Analysis And Comment Quality improvement

Saving 100 000 lives in US hospitals

BMJ 2006; 332 doi: http://dx.doi.org/10.1136/bmj.332.7553.1328 (Published 01 June 2006) Cite this as: BMJ 2006;332:1328
  1. C Joseph McCannon ([email protected]), 100 000 Lives Campaign manager1,
  2. Marie W Schall, director1,
  3. David R Calkins, senior fellow1,
  4. Alexander G Nazem, 100 000 Lives Campaign national field manager1
  1. 1 Institute for Healthcare Improvement, 20 University Avenue, Cambridge, MA 02138, USA
  1. Correspondence to: C J McCannon

    An initiative to cut avoidable deaths required rapid recruitment and support of large numbers of US hospitals. Campaign leaders describe how they coordinate nationwide implementation of effective healthcare interventions and document lessons for effective spread

    The quality of health care in the United States varies greatly.13 A study in 2003 showed that Americans receive “recommended care” just over 50% of the time.4 In response to growing national consensus among key provider, payer, and employer stakeholders about the inadequate pace of change, the Institute for Healthcare Improvement launched the 100 000 Lives Campaign in December 2004. Since then the institute, a not-for-profit organisation whose mission is to accelerate the improvement of health care in the US and internationally, has engaged over 3000 US hospitals (representing over 80% of total US hospital discharges) in this national initiative. The campaign aims to avoid 100 000 unnecessary deaths in US hospitals over the 18 months from January 2005 to June 2006, largely through encouraging and helping hospitals to adopt six evidence based interventions that are known to significantly reduce harm and death when implemented reliably (box 1).56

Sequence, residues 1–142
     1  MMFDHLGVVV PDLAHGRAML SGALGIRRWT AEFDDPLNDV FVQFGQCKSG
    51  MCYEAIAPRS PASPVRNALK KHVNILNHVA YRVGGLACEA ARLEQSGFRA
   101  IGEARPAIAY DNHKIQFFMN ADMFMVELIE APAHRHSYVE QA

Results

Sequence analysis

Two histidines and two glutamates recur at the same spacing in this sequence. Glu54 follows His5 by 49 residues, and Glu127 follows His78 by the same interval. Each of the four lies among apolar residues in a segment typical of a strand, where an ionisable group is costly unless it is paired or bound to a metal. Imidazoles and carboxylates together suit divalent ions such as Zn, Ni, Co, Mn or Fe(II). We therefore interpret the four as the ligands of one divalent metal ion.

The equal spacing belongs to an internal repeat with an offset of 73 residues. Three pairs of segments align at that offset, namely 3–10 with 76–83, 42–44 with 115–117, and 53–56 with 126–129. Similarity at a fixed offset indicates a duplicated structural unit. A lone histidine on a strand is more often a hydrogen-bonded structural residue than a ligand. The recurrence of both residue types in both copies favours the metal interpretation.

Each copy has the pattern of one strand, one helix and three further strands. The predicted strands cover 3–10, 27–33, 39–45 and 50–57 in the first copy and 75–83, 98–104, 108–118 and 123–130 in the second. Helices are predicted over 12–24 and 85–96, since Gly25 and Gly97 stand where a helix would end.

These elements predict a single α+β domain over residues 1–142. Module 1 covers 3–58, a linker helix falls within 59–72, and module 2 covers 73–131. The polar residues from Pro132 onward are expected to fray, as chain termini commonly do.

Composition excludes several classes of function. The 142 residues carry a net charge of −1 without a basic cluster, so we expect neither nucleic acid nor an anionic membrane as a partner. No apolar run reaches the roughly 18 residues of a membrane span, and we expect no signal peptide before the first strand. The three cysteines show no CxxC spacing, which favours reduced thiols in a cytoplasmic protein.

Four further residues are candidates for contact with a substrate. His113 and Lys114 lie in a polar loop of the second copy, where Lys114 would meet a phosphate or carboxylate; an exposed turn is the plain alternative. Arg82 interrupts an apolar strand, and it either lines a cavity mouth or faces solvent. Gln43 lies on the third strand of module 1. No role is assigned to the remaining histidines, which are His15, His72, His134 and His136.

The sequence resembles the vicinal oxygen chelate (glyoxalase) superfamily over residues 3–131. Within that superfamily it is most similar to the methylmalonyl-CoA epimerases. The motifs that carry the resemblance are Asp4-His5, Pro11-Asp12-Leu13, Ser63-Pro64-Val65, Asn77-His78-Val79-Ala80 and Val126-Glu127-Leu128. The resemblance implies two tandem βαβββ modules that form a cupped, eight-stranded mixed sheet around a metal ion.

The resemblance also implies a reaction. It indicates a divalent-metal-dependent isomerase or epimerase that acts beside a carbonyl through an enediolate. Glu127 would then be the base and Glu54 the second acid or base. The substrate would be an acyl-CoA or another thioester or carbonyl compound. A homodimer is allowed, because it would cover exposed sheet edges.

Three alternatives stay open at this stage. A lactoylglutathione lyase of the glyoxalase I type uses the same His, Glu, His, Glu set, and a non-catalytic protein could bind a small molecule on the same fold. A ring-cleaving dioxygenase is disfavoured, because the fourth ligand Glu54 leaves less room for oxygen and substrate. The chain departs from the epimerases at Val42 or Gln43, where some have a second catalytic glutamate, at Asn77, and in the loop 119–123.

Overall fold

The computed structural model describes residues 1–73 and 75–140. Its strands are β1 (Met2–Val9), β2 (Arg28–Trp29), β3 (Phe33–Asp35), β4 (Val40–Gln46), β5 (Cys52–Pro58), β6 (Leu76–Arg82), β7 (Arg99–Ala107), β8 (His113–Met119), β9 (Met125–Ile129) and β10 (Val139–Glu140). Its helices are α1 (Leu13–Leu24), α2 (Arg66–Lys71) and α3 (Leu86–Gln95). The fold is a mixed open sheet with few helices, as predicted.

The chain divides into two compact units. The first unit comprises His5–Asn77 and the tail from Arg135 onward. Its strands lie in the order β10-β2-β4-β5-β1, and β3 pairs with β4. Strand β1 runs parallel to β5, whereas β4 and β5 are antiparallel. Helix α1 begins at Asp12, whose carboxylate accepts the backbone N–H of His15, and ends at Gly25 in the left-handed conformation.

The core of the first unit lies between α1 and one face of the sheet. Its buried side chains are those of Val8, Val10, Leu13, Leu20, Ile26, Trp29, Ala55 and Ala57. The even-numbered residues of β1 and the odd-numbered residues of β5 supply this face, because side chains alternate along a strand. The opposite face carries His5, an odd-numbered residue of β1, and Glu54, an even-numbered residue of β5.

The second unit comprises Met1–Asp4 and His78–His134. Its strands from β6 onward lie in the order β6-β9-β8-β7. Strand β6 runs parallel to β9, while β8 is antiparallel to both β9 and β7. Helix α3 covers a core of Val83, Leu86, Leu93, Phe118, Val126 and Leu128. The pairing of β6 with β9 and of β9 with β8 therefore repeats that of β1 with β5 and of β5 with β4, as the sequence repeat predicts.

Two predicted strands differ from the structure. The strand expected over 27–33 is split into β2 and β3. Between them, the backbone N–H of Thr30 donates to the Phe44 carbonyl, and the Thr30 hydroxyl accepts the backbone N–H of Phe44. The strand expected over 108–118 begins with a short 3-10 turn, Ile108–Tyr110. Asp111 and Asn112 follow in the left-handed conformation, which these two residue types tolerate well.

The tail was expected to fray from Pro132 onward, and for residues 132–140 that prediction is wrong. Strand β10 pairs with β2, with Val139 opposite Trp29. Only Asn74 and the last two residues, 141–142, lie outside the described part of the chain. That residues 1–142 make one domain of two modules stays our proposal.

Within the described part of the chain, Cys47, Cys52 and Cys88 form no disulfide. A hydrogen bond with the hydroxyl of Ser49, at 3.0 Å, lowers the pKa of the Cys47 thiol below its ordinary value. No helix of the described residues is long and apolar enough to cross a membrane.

Counting lives saved

    The campaign defines a life saved as a patient who survived a hospital stay who would have died had he or she received that hospital's pre-campaign (2004) level of care.7 It calculates lives saved by comparing a hospital's mortality data for each month during the campaign with mortality data for the corresponding month in 2004. The monthly lives saved are aggregated across all months and all participating hospitals with an adjustment to account for changes in national risk of patient mortality between 2004 and the campaign period. The campaign estimates that, as of April 2006, participating hospitals had saved over 84 000 lives (based on 83% of participating hospitals submitting …

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